a b V Motherboard
August 12, 2012 11:24:16 PM

So what you basically saying is that it is a waste of money to buy say the Asus SABERTOOTH X79 along with a 3930K, if you just want your pc to be better on gaming as you won't even notice any significant difference on gaming performance..

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a b V Motherboard
a b 4 Gaming
August 12, 2012 11:28:18 PM
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Gate9er said:
So what you basically saying is that it is a waste of money to buy say the Asus SABERTOOTH X79 along with a 3930K, if you just want your pc to be better on gaming or it you want even notice any significant difference on gaming performance..


itll only be better, at an insignificant amount compared to its cheaper counterpart. Tom's quote explains what im trying to say a bit better:

Quote:
Diminishing Returns Kick In:

CPUs priced over $230 offer rapidly diminishing returns when it comes to game performance. As such, we have a hard time recommending anything more expensive than the Core i5-3570K, especially since this multiplier-unlocked processor can be overclocked to great effect if more performance is desired. Even at stock clocks, it meets or beats the $1000 Core i7-990X Extreme Edition when it comes to gaming.

But now that LGA 2011 is here, there's certainly an argument to be made for it as the ultimate gaming platform. LGA 2011-based CPUs have more available cache and as many as two more execution cores than the flagship LGA 1155 models. Additionally, more bandwidth is delivered through a quad-channel memory controller. And with 40 lanes of third-gen PCIe connectivity available from Sandy Bridge-E-based processors, the platform natively supports two x16 and one x8 slot, or one x16 and three x8 slots, alleviating potential bottlenecks in three- and four-way CrossFire or SLI configurations.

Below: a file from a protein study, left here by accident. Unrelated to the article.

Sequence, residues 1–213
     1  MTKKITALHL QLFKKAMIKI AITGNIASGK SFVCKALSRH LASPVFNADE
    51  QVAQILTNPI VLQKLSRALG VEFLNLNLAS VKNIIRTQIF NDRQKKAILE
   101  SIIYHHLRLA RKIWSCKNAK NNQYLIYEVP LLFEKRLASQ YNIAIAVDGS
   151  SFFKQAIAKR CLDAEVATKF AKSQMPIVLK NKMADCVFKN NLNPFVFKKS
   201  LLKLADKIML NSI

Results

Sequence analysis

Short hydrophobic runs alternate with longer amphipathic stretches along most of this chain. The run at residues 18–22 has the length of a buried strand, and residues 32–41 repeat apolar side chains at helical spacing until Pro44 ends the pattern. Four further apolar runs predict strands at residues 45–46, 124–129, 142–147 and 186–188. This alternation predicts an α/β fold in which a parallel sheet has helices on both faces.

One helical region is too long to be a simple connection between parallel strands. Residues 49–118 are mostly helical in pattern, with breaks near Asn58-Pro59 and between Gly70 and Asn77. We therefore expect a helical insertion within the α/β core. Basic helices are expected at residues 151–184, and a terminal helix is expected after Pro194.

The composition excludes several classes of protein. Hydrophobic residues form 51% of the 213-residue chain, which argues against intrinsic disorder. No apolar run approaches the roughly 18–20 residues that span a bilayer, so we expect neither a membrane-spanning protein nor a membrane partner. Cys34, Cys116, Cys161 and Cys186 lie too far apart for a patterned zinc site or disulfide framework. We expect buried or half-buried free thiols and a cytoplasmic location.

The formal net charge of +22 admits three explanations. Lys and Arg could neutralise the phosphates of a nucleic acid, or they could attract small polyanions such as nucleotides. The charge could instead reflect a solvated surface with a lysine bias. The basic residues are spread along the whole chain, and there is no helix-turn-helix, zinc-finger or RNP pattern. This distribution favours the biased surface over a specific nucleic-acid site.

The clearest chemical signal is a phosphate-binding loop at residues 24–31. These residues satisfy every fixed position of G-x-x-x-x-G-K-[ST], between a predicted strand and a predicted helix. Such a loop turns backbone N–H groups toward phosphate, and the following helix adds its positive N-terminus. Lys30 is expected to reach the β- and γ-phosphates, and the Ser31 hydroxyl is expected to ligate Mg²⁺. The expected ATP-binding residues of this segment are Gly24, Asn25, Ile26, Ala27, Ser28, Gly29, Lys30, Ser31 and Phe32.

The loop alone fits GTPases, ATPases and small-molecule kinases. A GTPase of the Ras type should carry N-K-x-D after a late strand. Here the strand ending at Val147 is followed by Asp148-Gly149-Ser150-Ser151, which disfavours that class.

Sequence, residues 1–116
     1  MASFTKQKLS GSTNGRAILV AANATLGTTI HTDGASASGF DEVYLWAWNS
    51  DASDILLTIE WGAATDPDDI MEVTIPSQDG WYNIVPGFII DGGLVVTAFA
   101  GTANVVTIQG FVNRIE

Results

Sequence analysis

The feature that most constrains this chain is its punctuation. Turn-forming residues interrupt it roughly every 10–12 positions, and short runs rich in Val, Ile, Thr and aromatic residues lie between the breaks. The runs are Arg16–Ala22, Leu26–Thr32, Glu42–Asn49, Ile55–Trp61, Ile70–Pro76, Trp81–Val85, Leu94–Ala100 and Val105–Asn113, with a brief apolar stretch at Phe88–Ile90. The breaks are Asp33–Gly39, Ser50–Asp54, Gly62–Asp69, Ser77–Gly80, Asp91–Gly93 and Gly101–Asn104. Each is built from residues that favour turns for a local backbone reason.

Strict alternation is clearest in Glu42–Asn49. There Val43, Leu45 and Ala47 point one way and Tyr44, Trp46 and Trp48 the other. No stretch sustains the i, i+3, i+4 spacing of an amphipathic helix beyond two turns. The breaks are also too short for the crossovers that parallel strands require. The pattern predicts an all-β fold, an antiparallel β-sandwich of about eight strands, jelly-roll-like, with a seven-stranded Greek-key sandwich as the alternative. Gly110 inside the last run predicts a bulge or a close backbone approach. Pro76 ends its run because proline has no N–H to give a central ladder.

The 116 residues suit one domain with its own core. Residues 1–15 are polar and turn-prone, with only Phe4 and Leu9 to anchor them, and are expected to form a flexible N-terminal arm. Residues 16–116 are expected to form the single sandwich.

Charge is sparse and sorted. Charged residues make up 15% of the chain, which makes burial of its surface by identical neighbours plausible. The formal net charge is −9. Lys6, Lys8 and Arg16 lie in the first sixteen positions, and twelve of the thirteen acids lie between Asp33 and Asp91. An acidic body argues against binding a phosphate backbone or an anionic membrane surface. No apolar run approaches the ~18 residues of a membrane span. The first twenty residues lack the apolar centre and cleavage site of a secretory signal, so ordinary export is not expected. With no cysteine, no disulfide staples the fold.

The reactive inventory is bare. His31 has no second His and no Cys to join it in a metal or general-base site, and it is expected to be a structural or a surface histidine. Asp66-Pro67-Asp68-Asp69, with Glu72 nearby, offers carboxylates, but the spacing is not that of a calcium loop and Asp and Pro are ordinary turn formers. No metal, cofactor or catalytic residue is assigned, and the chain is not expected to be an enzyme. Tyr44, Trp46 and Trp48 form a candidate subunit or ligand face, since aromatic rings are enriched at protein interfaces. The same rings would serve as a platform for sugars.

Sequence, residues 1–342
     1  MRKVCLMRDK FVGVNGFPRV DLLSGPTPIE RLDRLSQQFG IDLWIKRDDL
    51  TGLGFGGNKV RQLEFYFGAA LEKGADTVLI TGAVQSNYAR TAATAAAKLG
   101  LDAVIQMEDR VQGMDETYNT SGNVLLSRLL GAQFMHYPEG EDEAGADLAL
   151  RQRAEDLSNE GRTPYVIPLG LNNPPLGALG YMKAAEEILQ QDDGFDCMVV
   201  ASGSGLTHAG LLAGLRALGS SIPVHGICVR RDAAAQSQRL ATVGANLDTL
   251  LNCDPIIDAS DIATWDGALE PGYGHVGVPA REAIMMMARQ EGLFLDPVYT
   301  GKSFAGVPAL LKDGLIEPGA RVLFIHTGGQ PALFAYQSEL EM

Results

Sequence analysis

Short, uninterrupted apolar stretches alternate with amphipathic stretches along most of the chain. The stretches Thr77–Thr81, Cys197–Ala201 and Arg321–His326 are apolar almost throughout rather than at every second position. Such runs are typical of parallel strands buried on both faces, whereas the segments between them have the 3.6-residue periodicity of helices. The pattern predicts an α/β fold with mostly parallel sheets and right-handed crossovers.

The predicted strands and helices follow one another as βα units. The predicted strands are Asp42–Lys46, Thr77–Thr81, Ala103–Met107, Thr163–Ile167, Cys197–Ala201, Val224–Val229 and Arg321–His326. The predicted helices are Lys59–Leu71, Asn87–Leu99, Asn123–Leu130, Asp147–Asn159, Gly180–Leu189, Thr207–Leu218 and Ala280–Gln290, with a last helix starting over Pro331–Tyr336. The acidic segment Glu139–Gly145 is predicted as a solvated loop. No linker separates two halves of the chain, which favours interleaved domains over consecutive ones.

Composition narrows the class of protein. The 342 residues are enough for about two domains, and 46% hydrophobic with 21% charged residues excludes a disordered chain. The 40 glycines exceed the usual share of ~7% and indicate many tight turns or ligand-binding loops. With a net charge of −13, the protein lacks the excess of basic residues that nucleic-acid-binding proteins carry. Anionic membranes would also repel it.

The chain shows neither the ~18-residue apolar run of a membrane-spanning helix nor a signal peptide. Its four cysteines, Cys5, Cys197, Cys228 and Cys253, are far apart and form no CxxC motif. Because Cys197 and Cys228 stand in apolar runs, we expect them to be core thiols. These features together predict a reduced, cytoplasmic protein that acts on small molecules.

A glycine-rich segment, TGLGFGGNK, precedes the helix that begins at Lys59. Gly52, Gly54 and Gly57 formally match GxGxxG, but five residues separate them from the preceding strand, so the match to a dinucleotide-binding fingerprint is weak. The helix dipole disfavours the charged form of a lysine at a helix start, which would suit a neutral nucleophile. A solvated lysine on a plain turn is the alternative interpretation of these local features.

Although they sound impressive, those advantages don't necessarily translate into significant performance gains in modern titles. Our tests demonstrate fairly little difference between a $225 LGA 1155 Core i5-2500K and a $1000 LGA 2011 Core i7-3960X, even when three-way graphics card configurations are involved. It turns out that memory bandwidth and PCIe throughput don't hold back the performance of existing Sandy Bridge machines.
a b V Motherboard
August 12, 2012 11:29:31 PM

Best answer selected by Gate9er.
a b V Motherboard
August 12, 2012 11:32:59 PM

So if I want to stay with my 920, what will be the best choice for an upgrading mobo? I currently have the Intel DX58SO.
a b V Motherboard
August 12, 2012 11:37:46 PM

Ok I will post a new discussion on the subject. Anyway thanks for your time! :) 
a b V Motherboard
a b 4 Gaming
August 12, 2012 11:38:01 PM

My knowlege on slightly older mobos is quite limited, as most of my experience are with lga 1155/am3+ and newer boards.
a c 328 V Motherboard
a b 4 Gaming
August 13, 2012 6:44:06 AM

This topic has been closed by Nikorr